Because of the laws, there’s (almost) no such thing as property in Costa Rica where you own the property all the way to the waterline. There are a few outliers where exceptions have been granted by the government. The exceptions are a few hundred years old, dating to Spanish colonial times. Titled property in the restricted zone can still be privately held if the title pre-dates the adoption of maritime law, or if the title was granted by the Spanish monarchy during colonial times.

I understand many people hear the word “exception” and think that means there’s a chance for them because they are somehow special. Trust me when I say you would be volunteering for endless headaches and disappointment if you are foolish enough to try to be an exception.

Of course, you can ignore this advice if you have unlimited funds and friends in high places in the Costa Rican government.

Working with real estate agents

There are plenty of “agents” running around Costa Rica who have questionable ethics at best. There is no formal licensing required of agents in Costa Rica, nor is there any professional regulation of their behavior.

There are some voluntary associations that reputable real estate agents choose to join (although membership in the associations does not guarantee professional behavior). The National Association of Realtors and the Costa Rican Real Estate Association are a few organizations you may find mentioned by local agents.

Membership is a signal that the agents are serious professionals, but you should check the references and reputation of any agent you are considering to represent you. Google is a good resource to do your research, along with local word-of-mouth recommendations.

There is no MLS (multiple listing service) in Costa Rica. There are some local versions that might be useful for research, but they will almost always contain incomplete and/or inaccurate information. Your best bet is to get comfortable with a local agent who will know about the available properties that fit your criteria.

Transaction process

Once you have found a property you like, the offer process is straightforward. A real estate agent will draft an offer to be presented to a seller and help with the negotiation process.

Once buyer and seller agree on the price and terms, a notary will verify the legitimacy of the transaction and an escrow company will enter the picture. There are many options for escrow companies and your agent and/or lawyer will probably have suggestions for you. The escrow period is usually between 30 and 60 days, and that can be flexible if there’s a good reason to move faster or slower and both sides are okay with it.

A 10% deposit is typical (although the amount is negotiable) and the money should be deposited within two weeks of an accepted offer. It’s best to get the ball rolling on the deposit immediately after an offer is accepted, especially if you will be transferring money from another country. Banking delays are common when it comes to international wire transfers.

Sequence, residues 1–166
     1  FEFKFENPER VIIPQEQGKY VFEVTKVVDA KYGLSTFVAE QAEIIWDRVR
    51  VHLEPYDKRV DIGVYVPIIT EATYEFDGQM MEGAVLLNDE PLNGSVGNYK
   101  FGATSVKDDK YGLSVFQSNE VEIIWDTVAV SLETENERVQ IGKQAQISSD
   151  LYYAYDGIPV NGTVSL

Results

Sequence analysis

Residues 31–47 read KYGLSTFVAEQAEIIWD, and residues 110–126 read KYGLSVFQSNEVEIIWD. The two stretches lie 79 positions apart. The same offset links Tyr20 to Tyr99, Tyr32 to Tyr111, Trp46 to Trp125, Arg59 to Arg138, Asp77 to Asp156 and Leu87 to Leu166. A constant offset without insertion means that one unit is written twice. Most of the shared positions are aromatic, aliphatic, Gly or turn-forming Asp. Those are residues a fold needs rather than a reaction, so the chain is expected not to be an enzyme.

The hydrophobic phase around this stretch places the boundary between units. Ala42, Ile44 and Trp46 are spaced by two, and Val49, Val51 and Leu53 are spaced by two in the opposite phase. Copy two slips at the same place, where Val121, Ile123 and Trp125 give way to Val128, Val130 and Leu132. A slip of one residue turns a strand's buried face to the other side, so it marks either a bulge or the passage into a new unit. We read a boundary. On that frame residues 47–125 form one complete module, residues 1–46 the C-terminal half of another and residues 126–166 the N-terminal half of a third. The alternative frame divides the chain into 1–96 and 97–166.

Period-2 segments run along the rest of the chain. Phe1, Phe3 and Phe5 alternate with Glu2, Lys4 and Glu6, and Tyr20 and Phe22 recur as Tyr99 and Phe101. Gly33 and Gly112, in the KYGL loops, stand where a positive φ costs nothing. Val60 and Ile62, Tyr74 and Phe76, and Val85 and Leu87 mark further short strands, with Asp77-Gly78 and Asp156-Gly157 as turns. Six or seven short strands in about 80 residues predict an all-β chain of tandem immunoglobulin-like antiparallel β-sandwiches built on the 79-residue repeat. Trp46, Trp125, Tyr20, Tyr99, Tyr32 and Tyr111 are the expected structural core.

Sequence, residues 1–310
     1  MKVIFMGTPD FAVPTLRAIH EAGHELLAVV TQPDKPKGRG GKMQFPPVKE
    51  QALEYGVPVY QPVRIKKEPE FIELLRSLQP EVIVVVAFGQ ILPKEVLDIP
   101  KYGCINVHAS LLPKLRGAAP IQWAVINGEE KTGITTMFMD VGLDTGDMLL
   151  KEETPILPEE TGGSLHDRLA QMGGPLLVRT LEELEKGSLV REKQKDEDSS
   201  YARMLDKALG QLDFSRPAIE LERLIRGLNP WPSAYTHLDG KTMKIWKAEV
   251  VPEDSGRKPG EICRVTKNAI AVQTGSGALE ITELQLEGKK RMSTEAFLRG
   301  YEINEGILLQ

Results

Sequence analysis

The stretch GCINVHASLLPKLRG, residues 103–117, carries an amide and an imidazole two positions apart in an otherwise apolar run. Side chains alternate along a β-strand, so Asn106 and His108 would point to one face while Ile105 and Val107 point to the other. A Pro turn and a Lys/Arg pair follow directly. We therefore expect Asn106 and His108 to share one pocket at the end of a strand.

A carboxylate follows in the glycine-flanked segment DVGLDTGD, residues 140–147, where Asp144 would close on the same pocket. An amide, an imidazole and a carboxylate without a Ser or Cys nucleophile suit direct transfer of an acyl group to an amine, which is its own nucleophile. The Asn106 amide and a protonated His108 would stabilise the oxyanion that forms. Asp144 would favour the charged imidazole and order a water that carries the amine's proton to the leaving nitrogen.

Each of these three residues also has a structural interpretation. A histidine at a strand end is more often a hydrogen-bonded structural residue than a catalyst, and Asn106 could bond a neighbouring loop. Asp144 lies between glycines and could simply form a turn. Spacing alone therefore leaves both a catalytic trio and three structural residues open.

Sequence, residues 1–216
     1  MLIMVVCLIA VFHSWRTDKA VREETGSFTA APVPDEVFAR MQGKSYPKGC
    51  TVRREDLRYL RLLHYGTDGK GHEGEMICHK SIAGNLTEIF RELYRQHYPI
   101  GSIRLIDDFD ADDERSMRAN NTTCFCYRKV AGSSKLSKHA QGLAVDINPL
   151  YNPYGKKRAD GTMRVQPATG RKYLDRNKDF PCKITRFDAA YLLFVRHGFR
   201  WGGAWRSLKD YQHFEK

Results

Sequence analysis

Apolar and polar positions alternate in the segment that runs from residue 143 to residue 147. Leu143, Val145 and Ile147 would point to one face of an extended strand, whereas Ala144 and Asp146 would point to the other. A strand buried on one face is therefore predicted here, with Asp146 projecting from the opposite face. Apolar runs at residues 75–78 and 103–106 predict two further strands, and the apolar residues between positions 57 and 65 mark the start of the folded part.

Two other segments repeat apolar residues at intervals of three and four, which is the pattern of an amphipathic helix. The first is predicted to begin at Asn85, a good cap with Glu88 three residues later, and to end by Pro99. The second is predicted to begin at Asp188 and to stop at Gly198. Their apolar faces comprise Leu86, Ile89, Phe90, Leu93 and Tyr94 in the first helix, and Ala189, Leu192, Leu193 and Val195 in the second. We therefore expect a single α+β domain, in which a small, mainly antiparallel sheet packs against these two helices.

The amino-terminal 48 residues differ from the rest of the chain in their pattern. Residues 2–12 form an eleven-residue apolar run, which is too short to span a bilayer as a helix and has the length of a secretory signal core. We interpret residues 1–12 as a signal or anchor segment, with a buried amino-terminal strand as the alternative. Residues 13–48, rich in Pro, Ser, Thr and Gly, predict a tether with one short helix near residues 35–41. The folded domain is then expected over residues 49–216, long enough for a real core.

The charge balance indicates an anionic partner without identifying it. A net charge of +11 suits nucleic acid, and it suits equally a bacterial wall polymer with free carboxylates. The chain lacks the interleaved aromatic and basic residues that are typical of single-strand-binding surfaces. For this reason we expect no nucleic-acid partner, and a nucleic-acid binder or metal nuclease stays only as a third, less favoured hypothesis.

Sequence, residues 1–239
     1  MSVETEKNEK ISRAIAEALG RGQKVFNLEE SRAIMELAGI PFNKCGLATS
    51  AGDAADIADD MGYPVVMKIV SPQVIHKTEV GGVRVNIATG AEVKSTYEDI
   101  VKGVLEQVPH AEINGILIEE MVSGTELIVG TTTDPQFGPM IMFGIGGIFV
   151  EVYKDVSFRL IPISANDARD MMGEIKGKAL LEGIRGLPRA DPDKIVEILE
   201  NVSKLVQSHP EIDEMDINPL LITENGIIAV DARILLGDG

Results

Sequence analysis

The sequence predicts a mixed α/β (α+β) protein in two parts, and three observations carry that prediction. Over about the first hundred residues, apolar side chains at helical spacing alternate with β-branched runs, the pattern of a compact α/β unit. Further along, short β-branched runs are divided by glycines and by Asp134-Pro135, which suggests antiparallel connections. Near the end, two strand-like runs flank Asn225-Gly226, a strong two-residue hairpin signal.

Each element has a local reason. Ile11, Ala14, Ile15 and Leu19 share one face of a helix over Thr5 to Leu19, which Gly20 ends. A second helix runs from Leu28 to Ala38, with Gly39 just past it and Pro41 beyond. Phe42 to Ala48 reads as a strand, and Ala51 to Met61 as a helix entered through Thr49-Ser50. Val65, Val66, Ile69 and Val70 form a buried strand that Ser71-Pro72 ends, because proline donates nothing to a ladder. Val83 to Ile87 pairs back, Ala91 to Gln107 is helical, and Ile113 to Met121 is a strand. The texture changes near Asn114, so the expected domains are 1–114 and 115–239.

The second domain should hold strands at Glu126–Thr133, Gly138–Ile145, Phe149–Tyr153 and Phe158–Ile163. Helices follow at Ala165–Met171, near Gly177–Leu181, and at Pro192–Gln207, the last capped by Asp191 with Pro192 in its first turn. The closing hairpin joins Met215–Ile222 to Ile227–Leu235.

You will forfeit the 10% deposit if you change your mind about buying the property after it has been approved by the notary. Your 10% deposit will be returned to you if the seller changes their mind about the sale.

Lawyers are required by law to be involved in real estate transactions in Costa Rica. One lawyer will represent the buyer and one will represent the seller. Most lawyers will also help you form a corporation if you wish to hold the title to the property in a corporation.

The lawyers’ responsibilities include a title search, verifying permits, verifying ownership and overseeing the proper filing of all necessary paperwork with the appropriate governmental entities.

Closing costs are as follows:

  • 1.25% plus tax for the notary fee to register the property and coordinate the closing (paid by the buyer)
  • 2.4% stamp duty for a property transfer (if taking title in your name or your new corporation’s name), or 1.5% for a corporation share transfer if a corporation holds title to the property and you’re buying the shares of that corporation (usually split between buyer and seller)
  • Escrow fees of roughly 0.25% (split between buyer and seller)

The commission in a transaction is almost always paid by the seller, just like in the U.S., Canada and the U.K. There is no “standard” commission and it is always negotiable, but 5-6% is common in most transactions. The commission is split between the buyer’s agent and the seller’s agent.

Capital gains tax is due within one month of the closing date. Residents are exempt from capital gains tax if they spend more than 183 days per year in Costa Rica and the property is not a rental property (because they live there). The calculation for the exact amount of capital gains tax due is a little tricky and the help of an accountant should be enlisted.

Property development and rehabbing

The formal construction permitting process in Costa Rica resembles the process in most other countries. You will need to submit plans, submit an application, pay some fees and wade through the local bureaucracy. This is best approached with local professionals who are familiar with the process, such as general contractors, architects and developers.

The permitting process becomes increasingly difficult the closer you get to the beach. The beaches are protected with several layers of laws and regulations, especially when it comes to construction projects.

The good news here is that once your permit is issued, you don’t have to have your project inspected multiple times at multiple stages by governmental employees to approve the work. Anyone who has engaged in a new development project anywhere in the U.S. will understand what a hassle that can become. Not a problem in Costa Rica!

If you plan to retire in Costa Rica, you can search Costa Rican properties for sale on our website. We add new properties on a regular basis, and we also provide a property finding service if you have specific needs.